As far as compressing the data, you mentioned in a comment that you'd tried compressing the database into a RAR archive. SQL Server data (and log) files are active as long as the server is up and running; if you tried to compress the actual .mdf and .ldf files, you'd wind up with a resulting file that wouldn't be valid. You should try to back up the databases. The built-in BACKUP DATABASE command in SQL Server allows you to compress the backups - mine usually wind up being about 1/6 th the size of the actual data (but your results may vary). You can right-click on the DB in SQL Server Management Studio, chose "Tasks", then choose "Backup...". I would still recommend doing this during a period when the database is least heavily used, and it may still be an issue, but it's at least worth a try.

If the backup files are still too large to easily move from the old server to the new one, or if the down time involved in doing so would be prohibitive, then consider a more gradual method of getting the database transferred to the new server. sog shipping (as noted in Rafael Piccinelli's answer) is definitely an option, especially if it may take several days to get everything moved and set up in the new environment. If the problem of moving the files is less severe, you could probably shortcut from actual log shipping to something simpler: Take a full backup of the database anywhere from a few hours to a day before go-live; then, take a differential backup right after the start of your down time. You can have the full backup restored (but not recovered) on the new server, waiting for the differential. That file would presumably be much smaller than your full backup, so copying it to the new server should be much faster. Once it's there, restore it to the new server, recover the database, and you should be ready to go.

Note: Whatever method you decide to use to move to the new server, do at least one successful test run before finalizing your go-live date.

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  • I know that these databases may not be that huge, but it is just the ones I have worked with, and we have the problem that the information is in a remote server (India) and we want to move it to another remote server (Florida). And when I talked about compressing them, I first made a backup as you mentioned, because other way I could have wrecked the databases. Right now, the best option I have is to stop the SQL Server instance, get a downtime to make the backups and then start compressing them and try to send the file in FTP, this if I don't find a better solution – Andres Valencia May 4 '17 at 21:18
  • Updated with suggestions for moving DB (see log shipping answer, or try full backup to prime new server, then differential to catch up to present - allows less down time. – RDFozz May 4 '17 at 21:37
  • Thanks for your suggestions, I'm checking about Log Shipping method, it seems the best one, but I wonder if it will work between two remote servers – Andres Valencia May 4 '17 at 22:16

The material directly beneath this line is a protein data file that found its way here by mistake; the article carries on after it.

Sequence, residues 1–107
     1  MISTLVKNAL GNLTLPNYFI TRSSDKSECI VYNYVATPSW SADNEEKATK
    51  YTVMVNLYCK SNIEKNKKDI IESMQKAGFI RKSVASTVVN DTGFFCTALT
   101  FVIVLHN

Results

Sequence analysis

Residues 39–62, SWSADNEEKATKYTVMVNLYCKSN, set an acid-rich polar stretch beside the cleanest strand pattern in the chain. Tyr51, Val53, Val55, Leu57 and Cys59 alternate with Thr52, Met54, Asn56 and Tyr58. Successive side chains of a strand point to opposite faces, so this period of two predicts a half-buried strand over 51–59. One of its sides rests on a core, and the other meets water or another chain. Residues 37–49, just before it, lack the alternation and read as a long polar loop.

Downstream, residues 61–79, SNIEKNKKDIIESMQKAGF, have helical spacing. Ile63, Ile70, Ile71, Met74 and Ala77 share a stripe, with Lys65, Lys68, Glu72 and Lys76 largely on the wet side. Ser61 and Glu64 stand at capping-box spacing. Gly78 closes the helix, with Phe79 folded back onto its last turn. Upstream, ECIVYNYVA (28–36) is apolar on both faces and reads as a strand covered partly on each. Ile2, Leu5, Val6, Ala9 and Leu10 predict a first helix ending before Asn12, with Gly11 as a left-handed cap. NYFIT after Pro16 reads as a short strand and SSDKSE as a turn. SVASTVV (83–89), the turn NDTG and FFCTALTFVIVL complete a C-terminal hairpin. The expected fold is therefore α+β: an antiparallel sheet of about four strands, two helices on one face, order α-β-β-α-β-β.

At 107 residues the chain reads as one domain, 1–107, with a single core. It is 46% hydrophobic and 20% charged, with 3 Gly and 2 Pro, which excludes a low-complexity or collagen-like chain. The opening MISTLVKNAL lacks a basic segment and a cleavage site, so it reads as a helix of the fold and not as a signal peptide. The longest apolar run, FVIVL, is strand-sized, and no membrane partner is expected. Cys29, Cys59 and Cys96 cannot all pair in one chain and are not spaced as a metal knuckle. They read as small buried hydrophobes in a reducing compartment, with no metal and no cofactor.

I would go with Log Shipping.

I could migrate a 1.5TB Database from a server to another, in 2 minutes. It's going to take some time to create the log shipping config. Basically you will configure your database in the primary server, to use log shipping to the destination server. After this, you just need to stop the application for some time ( minutes ), and change some strings to point the new server with the new database.

These are some question I made during this process:

Log Shipping "out of sync" but none of the jobs are failing

What does 'Could not find a log backup file that could be applied' means on log shipping?

It was really easy to solve problems and to configure the environment to the log Shipping.

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  • If my database is in a remote server and I want to send the database to another remote server, can I use Log Shipping to accomplish this? – Andres Valencia May 4 '17 at 19:31

Since you cannot backup your database without setting your server on fire then you can Detach your Database, transfer to new server and then Attach it in the new instance. To get started please see:

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  • please don't recommend detach-and-attach without talking about the dangers that are inherent in that – Max Vernon May 4 '17 at 19:39
  • Every process/method has a danger. As a DBA you the user should understand that and do his own research. – Raidenlee May 4 '17 at 20:17
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    This OP is ostensibly not a DBA, otherwise they would not be asking this question. – Max Vernon May 4 '17 at 20:40
  • I see, I'll fill in some risks of doing the detach and attach. – Raidenlee May 9 '17 at 18:46